225 miles further south to be precise to Vielle Brioude, south of Clermont Ferrand and Issoire.  We chose to take the toll motorway this time, as we were going so far.  Then I forgot to press the button when paying to explain that we were a camping car (the rate will be changed if you do this).   In my defence I was intent on seeing if my Halifax Clarity card would work this time (as it didn’t the previous day when we used a short section of toll, and I’d had to use my debit card); and I just completely forgot…  It probably cost us about 15Euros, maybe 20…   I won’t forget again!

Just before our destination we stopped at an Intermarch to get some essentials, and top up with fuel.  The supermarket was very busy with several items unobtainable, but we managed to get everything that we needed, and set off again to find the campsite.

A couple of wrong turns and slightly unsuitable roads later we found it, Camping de la Bageasse, which looked much nicer in the photos than in reality!!

We were the only unit there (although there were a couple of chalets in use), and once we’d chosen our spot and found electricity that worked (by now our fridge had stopped working on gas), we settled down for the evening.

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In the evening the lady from reception came to see us to explain that the campsite was possibly to close in the morning after the president’s address.  Instead of waiting we spent the evening trying to book a ferry home.  We had problems with booking the DFDS ferry from Dieppe, and thought that we’d managed it, only for the site to crash on us again.  So we booked a ferry into Portsmouth on Brittany (at an extra £100).  In the morning though I had an e-mail from DFDS confirming our booking!

Thankfully Brittany Ferries were brilliant and cancelled our booking with an immediate full refund.  The receptionist also confirmed that the site was indeed closing and anybody on it being asked to leave.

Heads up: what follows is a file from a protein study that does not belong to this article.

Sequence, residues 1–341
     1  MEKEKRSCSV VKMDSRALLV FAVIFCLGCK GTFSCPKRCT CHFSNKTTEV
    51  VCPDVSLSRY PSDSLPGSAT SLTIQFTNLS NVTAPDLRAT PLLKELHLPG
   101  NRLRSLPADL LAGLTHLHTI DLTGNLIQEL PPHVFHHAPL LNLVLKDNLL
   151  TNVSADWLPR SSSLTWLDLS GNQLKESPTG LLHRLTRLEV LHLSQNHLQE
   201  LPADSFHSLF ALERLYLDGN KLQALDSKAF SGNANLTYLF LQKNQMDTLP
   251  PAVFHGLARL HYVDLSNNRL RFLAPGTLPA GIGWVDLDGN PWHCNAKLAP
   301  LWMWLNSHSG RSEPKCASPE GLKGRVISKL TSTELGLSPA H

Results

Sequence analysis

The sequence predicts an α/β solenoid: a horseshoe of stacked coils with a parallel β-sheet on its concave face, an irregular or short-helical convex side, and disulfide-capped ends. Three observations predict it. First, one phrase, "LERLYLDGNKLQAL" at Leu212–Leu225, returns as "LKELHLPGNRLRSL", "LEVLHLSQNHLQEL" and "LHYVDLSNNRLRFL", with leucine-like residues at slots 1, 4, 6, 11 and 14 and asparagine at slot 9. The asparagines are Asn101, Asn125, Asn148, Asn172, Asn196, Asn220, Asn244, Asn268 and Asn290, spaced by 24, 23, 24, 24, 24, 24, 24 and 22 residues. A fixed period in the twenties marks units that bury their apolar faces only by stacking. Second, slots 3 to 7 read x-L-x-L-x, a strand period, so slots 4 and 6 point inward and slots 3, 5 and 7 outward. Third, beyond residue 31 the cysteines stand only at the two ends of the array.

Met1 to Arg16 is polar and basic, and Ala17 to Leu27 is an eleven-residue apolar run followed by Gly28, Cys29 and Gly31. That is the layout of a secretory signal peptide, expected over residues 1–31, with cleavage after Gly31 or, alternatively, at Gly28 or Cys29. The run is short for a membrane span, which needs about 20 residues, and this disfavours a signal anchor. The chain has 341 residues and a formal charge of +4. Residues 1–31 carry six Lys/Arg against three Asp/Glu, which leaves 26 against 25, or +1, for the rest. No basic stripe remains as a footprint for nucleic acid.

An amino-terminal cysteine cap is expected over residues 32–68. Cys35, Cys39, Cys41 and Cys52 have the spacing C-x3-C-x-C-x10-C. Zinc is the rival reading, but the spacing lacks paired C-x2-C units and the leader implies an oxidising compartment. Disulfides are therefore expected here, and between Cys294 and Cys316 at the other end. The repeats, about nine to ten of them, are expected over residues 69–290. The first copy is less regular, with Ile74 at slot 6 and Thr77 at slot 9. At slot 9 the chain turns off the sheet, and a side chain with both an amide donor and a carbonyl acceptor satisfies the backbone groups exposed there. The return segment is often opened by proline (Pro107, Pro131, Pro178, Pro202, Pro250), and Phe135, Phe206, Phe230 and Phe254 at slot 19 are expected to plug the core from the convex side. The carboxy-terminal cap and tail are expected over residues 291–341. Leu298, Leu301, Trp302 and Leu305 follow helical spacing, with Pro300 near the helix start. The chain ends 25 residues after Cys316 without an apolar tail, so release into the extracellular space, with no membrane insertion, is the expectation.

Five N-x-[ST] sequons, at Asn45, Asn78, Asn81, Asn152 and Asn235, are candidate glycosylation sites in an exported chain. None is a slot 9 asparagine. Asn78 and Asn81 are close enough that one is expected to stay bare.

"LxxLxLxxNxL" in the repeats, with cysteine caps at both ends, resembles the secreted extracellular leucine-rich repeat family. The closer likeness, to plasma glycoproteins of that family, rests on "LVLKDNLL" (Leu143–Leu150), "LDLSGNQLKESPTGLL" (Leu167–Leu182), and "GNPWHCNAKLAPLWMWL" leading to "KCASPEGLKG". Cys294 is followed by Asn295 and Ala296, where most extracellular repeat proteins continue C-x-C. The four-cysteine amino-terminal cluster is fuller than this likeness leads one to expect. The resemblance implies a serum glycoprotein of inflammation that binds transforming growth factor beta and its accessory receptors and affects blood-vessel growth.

Day 5: Tuesday 17th March 2020 (midday lockdown)

Approximately 425 miles to go, but 2 days to do this (our ferry was Thursday at 05.30am – changed from 6.30pm Wednesday foc by DFDS Ferries).

We chose to avoid the toll motorway this time as we had a bit of time.  But it did seem to take forever; so we ended up doing the last 30 miles or so on the toll; I remember to press the button this time and saved 9 Euros.  We were stopped once, just after midday, at a routine checkpoint on a roundabout – a show of our ferry booking and my ‘nous allons au bateau pour aller chez nous’ did the trick, and we were soon on our way with a smile and a ‘bonne route’.

We were then held up driving through a small town where we had to pull into a car park.  There were 2 other British vans in there with us.  A French lady also pulled up and started talking to me – I did pretty well, in that we sort of understood each other and she told me what had happened (sadly a little boy had run out into the road and been knocked over), but she just kept moving closer and closer to me!  In the end I had to run into the van saying my tea was getting cold!  (nb: I don’t understand why the police in France need to carry massive guns when attending a traffic incident in a small rural town though..)

I’d found a likely overnight stop in Mery sur Cher, west of Vierzon, and we were so happy when we made it there.  Absolutely perfect spot behind the village car park, but with a toilet, electricity, security lights and little individual pitches as well as the normal amenities.  The barrier had been removed meaning it was all free as well (although we would happily have paid).  I hadn’t been so happy in days!

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Day 6: Wednesday 18th March

The traffic increased as we made our way further north, although eerily quiet as we drove through Orleans.  Driving past Chartres I was, again, amazed at the size of the cathedral – you can see it from miles away and I must see it in reality 1 day!